1990 – TIMCO Aviation Services opens its world headquarters at PTI. Over the following two decades, the company would grow into one of the world’s largest independent aircraft maintenance, repair and overhaul (MRO) providers. TIMCO supports leading global airlines, governments and aircraft leasing companies with comprehensive, individually-tailored aircraft care services, employing nearly 3,000 people in facilities at a number of airports across the country.
1993 – The Airport Authority appointed Edward A. “Ted” Johnson Executive Director of PTI. First hired by the airport in 1968, Johnson held a number of posts, including that of director of development. Johnson knew the airport and its carriers and partners like no one else. On his watch, PTI saw dramatic change and air service and investment at the airport. Possibly Mr. Johnson’s most important contribution was the successful recruitment of the FedEx mid-Atlantic sorting facility to PTI which included the construction of a third runway at the airport. Combined, these two accomplishments positioned PTI as the catalyst for regional growth.
1998 – FedEx Corporation announces its intentions to build a mid-Atlantic hub at PTI, one of only five FedEx hubs in the country. In addition to the hub, the project would include the construction of a parallel, 9,000-foot runway, the construction of new roads around the airport and the construction of a new cloverleaf airport entrance, at a total cost of nearly $500 million.
2000 – PTI continues to play a central role in regional growth. Guilford Technical Community College Aviation Center at PTI expanded its training program for airline mechanics, boosted with a $250,000 gift from Tom Davis.
2005 – Comair selected PTI for its Southeastern Maintenance Facility location, which opened in 2006.
2006 – The airport opens an expansion to the North Concourse, which adds another 40,000 square feet to the terminal and brings the number of gates to 25. The airport also opens a 43,000 square-foot expansion to the main terminal to accommodate security gates at the north and south concourse.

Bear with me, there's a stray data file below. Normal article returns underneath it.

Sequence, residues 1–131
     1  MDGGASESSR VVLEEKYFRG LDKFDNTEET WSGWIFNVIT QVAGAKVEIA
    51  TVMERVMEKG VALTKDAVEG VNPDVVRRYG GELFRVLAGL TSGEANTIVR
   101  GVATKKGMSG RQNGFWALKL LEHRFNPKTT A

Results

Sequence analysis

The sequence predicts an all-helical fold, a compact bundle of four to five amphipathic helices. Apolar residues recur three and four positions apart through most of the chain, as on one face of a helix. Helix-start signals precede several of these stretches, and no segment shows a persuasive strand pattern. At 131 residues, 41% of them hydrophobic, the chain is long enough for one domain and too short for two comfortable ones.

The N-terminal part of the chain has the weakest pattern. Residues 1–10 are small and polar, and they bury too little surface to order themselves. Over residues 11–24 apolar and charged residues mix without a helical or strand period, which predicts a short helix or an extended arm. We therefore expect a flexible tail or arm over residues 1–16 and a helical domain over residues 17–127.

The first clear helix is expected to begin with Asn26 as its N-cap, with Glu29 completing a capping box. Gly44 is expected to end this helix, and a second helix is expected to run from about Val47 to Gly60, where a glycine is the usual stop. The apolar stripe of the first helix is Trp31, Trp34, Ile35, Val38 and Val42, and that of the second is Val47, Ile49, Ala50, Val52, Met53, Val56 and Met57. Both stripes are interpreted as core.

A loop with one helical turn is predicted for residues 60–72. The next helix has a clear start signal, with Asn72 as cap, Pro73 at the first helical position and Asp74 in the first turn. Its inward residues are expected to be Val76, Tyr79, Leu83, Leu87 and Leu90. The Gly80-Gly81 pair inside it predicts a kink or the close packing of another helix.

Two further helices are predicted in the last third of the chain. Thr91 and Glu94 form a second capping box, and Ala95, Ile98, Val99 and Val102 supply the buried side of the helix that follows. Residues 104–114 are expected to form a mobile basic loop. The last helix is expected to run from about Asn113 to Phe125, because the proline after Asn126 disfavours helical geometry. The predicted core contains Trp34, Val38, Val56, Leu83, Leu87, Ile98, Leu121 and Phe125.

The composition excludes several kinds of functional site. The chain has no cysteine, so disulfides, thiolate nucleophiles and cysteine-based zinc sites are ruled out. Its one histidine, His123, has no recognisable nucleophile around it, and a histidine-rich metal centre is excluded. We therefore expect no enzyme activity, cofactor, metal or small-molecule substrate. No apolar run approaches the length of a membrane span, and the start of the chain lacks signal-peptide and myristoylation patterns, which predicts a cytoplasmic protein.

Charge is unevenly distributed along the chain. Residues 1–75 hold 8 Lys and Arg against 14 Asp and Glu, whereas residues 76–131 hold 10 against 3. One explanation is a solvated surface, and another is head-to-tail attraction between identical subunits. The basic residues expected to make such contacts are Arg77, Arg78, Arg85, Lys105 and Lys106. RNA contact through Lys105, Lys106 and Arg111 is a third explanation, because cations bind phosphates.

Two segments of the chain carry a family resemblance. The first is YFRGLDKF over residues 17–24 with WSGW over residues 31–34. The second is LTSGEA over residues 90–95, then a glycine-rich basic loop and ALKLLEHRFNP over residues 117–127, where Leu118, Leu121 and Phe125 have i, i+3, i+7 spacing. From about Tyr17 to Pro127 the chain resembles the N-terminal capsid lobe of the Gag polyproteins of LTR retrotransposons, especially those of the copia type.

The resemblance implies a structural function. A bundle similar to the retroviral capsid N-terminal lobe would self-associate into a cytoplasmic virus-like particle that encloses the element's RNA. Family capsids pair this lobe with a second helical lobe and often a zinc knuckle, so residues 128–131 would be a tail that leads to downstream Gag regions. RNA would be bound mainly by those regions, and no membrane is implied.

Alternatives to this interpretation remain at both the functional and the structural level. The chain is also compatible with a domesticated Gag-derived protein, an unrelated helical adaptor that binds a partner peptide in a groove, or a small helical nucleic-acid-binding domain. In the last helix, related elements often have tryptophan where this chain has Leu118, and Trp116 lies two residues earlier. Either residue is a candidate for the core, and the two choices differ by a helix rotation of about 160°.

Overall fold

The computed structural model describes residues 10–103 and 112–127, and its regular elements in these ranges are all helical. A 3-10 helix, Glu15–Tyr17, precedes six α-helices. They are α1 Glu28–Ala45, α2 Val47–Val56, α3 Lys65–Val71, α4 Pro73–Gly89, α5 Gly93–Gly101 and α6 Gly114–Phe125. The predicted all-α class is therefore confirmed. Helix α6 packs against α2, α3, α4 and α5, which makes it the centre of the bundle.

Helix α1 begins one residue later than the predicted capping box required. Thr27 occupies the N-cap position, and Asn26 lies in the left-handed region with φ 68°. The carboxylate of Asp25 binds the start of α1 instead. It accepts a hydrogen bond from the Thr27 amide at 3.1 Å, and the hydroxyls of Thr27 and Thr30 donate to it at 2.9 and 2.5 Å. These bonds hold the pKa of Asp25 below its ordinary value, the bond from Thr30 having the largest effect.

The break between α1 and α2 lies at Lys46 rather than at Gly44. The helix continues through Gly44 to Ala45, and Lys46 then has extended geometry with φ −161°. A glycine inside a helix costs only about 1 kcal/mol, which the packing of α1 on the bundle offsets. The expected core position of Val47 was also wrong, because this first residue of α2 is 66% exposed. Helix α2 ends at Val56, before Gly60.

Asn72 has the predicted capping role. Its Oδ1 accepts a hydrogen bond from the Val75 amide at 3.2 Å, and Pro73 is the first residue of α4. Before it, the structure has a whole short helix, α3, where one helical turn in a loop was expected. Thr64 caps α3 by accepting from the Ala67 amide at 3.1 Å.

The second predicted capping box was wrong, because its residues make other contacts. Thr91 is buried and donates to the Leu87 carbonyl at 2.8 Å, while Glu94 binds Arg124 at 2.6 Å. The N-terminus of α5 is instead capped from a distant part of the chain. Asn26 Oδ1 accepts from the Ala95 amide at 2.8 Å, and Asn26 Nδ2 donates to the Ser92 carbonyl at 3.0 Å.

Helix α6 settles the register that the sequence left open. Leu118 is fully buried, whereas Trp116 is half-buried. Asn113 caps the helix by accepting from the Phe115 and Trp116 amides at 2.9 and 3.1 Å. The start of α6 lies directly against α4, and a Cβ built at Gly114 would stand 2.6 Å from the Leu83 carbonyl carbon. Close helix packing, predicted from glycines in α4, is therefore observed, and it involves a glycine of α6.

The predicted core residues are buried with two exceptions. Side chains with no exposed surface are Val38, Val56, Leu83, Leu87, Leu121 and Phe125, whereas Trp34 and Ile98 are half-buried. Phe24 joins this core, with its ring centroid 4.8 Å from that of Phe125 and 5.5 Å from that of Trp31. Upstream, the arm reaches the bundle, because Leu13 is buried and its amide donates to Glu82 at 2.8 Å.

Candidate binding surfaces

2007 – Honda Aircraft Company selects PTI as its global headquarters. In subsequent years, Honda Aircraft Company would expand the campus to include administrative offices, its research and development center, its manufacturing center and the site of a major repair and maintenance facility, employing 1,000 people at these facilities on the airport campus.
Allegiant Airlines begins low-fare service to Florida destinations, eventually establishing itself a fixture at the airport for low-fare service.
2009 – FedEx opens its mid-Atlantic Hub at the Airport, establishing PTI as a key link in the company’s national overnight delivery system. The FedEx mid-Atlantic Hub, located on a 175-acre site at the airport, consists of seven buildings, a fuel farm, and an aircraft ramp with eleven gates. The 475,000-square-foot sort building is the center point of the facility and is designed to handle 24,000 packages per hour with provisions in place to expand to 48,000 in the future.
2010 - The airport opens a 9,000-foot parallel runway, which allows simultaneous aircraft take-offs and landings at the airport for the first time, and opens new opportunities for airside development at the airport.
Ted Johnson retires after 17 years as the airport’s Executive Director and a career at the airport that started in 1968. Kevin Baker is tapped to succeed Johnson as Executive Director.
The airport unveils an ambitious Master Plan Update that includes new facilities such as an improved Control Tower and establishes the airport as a key aerospace center on the East Coast. The Master Plan reveals a vision to connect the airport to existing property by constructing a taxiway bridge over I-73 and for expanding the airport’s reach by acquiring property northwest of the airport.
2011 – The airport begins a major interior renovation project to provide passengers with a superior airport experience. The renovation includes the installation of free wireless Internet and charging stations for passenger devices, and numerous interactive kiosks guiding passengers to ground transportation and nearby accommodations and restaurants.
2013 – Frontier Airlines based in Denver, Colorado, begins PTI’s first flights to Denver. The airline announces non-stop service to Orlando, Fla., and Denver.